Recommended reading

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Books and articles that might be of use for designing and developing roguelikes.



Books for programming games.


William Brown, Raphael Malveau, Hays McCormick and Thomas Mowbray (ISBN 0471197130)

Lists various recognizable ways in which initial poor judgment makes program architecture go wrong in a way that will cause problems later on. This is endemic with game programming, that both deals with very complex domains and often approaches them with relatively little up-front program design. rsaarelm

The Architecture of Open Source Applications

Amy Brown and Greg Wilson (eds.) (ISBN 1257638017) [online]

Case studies on structuring large, real-world applications. Unfortunately no NetHack, but there is a chapter on Battle for Wesnoth that should be of interest. rsaarelm

Artificial Intelligence for Games

Ian Millington (ISBN 0124977820)

Very comprehensive look on various AI techniques for games, such as pathfinding, tactical decision making and agent communication. Also discussing support architecture for game AI and relating the AI to wider game design concerns. rsaarelm

The C Programming Language

Brian Kernighan and Dennis Ritchie (ISBN 0131103628)

The definitive book on C programming. Read this if you want to program entire games or component code called from a higher level language in C. rsaarelm

The C++ Programming Language

Bjarne Stroustrup (ISBN 0201327554)

The book on C++ from the creator of the language. Explains the basic language, the Standard Template Library and some best practices. If you want to use C++, you won't figure out this stuff without a book. rsaarelm

Code Complete

Steve McConnell (ISBN 0735619670)

Classic compendium of practical programming advice. rsaarelm

Design Patterns

Erich Gamma, Richard Helm, Ralph Johnson and John Vlissides (ISBN 0201633612)

Introduces patterns, standard solutions to recurring problems that are nevertheless too high-level to be embedded out of sight into libraries. The book is mostly just a catalog of common patterns, and the descriptions for most of them can be found on the web nowadays. It's still good to be aware of this, game programming has its own set of recurring patterns. rsaarelm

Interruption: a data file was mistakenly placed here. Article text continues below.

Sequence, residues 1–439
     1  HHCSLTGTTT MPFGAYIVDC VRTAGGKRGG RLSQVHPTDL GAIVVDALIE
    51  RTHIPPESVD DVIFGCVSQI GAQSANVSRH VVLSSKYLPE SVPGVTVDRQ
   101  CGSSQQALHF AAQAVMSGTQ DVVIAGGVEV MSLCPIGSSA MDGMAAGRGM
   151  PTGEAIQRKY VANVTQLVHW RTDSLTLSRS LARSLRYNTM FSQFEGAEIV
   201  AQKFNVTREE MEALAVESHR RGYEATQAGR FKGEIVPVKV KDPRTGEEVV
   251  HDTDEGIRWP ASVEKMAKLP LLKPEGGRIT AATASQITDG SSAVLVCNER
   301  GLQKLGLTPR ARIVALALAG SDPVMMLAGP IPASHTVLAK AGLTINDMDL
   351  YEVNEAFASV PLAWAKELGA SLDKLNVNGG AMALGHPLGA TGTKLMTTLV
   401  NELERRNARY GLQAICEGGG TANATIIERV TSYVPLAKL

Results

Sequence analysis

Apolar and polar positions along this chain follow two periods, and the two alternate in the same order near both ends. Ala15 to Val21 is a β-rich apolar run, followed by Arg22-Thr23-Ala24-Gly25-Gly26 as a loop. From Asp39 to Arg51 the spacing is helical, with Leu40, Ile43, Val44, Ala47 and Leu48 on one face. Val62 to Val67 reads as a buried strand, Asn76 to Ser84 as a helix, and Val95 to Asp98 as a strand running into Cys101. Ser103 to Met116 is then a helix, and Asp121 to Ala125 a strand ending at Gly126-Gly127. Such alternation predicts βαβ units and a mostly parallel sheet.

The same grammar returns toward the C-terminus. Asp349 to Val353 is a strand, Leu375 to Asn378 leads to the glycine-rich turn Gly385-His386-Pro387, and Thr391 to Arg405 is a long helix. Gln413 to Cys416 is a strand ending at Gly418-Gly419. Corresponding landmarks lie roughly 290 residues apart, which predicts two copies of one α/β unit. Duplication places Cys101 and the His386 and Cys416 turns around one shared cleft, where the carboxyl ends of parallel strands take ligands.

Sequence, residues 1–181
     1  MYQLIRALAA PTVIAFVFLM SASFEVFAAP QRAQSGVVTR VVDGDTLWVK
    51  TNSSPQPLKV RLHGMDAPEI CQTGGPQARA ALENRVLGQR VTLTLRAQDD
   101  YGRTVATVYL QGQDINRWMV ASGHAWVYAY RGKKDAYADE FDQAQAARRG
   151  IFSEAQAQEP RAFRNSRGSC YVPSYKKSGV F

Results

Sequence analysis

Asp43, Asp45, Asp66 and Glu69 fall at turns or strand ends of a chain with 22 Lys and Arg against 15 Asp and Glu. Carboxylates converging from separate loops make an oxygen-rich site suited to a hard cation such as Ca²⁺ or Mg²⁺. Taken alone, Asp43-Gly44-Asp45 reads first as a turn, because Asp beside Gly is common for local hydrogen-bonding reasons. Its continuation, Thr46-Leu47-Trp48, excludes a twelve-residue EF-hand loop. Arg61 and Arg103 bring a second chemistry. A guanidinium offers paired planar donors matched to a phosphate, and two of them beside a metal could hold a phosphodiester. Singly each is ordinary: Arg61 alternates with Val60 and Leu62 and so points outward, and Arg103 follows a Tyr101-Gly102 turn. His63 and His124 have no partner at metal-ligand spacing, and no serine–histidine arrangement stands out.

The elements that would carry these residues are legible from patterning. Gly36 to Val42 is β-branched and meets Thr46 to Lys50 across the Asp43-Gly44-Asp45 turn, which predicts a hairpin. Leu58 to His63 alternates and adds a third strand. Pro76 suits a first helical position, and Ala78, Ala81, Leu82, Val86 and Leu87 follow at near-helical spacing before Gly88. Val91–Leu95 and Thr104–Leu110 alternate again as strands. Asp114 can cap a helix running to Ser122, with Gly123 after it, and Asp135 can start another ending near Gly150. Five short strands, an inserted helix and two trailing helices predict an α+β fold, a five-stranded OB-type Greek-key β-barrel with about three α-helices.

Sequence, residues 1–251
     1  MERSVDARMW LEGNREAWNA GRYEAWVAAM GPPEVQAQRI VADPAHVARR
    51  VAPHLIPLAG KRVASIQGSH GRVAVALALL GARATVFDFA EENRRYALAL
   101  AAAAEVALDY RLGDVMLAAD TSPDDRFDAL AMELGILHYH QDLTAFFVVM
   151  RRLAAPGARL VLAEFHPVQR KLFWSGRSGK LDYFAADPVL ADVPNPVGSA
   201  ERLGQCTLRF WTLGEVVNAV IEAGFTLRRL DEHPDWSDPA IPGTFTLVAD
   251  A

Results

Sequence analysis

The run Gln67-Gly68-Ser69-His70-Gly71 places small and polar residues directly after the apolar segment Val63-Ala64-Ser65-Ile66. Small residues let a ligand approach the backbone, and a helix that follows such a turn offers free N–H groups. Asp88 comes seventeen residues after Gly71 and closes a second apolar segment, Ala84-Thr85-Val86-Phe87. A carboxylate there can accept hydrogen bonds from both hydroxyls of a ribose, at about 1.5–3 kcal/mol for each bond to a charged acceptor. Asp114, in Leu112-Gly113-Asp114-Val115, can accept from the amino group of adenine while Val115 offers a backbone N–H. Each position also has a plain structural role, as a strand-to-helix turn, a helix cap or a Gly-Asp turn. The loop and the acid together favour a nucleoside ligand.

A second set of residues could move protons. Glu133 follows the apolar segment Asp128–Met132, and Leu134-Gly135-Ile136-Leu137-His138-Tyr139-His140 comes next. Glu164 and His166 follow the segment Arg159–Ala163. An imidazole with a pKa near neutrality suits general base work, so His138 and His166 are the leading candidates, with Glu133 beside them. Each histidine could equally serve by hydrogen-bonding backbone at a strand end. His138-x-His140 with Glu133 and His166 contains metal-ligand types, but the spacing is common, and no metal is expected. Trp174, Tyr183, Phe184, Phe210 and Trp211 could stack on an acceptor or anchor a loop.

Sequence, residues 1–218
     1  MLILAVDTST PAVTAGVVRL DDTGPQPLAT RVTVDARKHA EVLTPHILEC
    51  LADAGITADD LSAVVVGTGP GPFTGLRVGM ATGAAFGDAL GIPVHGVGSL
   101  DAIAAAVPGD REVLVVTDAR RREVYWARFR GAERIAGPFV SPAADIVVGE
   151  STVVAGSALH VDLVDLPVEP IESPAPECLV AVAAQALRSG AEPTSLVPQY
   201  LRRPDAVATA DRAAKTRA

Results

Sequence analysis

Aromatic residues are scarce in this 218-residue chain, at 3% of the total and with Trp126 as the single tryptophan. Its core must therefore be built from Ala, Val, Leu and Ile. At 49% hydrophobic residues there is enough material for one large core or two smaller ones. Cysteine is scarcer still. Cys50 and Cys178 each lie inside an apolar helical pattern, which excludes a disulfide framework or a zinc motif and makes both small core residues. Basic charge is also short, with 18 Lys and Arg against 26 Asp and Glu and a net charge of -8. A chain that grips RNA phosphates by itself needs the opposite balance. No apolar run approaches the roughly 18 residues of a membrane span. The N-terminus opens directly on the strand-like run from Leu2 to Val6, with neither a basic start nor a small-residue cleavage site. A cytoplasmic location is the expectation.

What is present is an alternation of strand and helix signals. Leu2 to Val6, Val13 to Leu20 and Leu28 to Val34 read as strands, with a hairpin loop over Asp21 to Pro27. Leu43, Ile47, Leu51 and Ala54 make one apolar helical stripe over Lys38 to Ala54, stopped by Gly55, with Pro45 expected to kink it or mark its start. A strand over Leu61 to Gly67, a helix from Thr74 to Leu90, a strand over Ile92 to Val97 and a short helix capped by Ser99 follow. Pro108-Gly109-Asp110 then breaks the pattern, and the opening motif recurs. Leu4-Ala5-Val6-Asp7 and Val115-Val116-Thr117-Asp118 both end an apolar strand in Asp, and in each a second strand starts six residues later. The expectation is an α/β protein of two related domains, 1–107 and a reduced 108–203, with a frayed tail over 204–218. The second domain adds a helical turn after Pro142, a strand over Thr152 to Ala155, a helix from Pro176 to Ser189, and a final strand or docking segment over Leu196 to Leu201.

Effective C++

Scott Meyers (ISBN 0321334876)

Best practices for C++. Given the amount of nasty gothcas in the language, you probably want to read this as well as a basic book. rsaarelm

Game Coding Complete, 3rd edition

Mike McShaffry (ISBN 1584506806)

A very comprehensive work on how to program AAA games, from an author who worked on Origin's Ultima games and on Thief: Deadly Shadows. Assumes a working knowledge of C++ and dives straight into how you set up the actual game program on Windows, with lots of tricks of the trade from real projects. The explanation on how to set up the game engine using process, actor and event classes and how to program input devices and user interfaces are very useful for roguelike development. Chapters about managing caches for massive asset libraries and working with complex 3D graphics less so. rsaarelm

Game Engine Architecture

Jason Gregory (ISBN 1568814135)

Covers much the same ground as Game Coding Complete. Describes the basics of a professional C++ game project, tools for debugging and error handling, and setting up the overall program architecture. Some chapters on 3D rendering and real-time physics are less relevant to roguelikes. The part on implementing complex game logic is maybe a bit less in-depth than the one in Game Coding Complete, while the 3D and physics aspects are handled in great detail. rsaarelm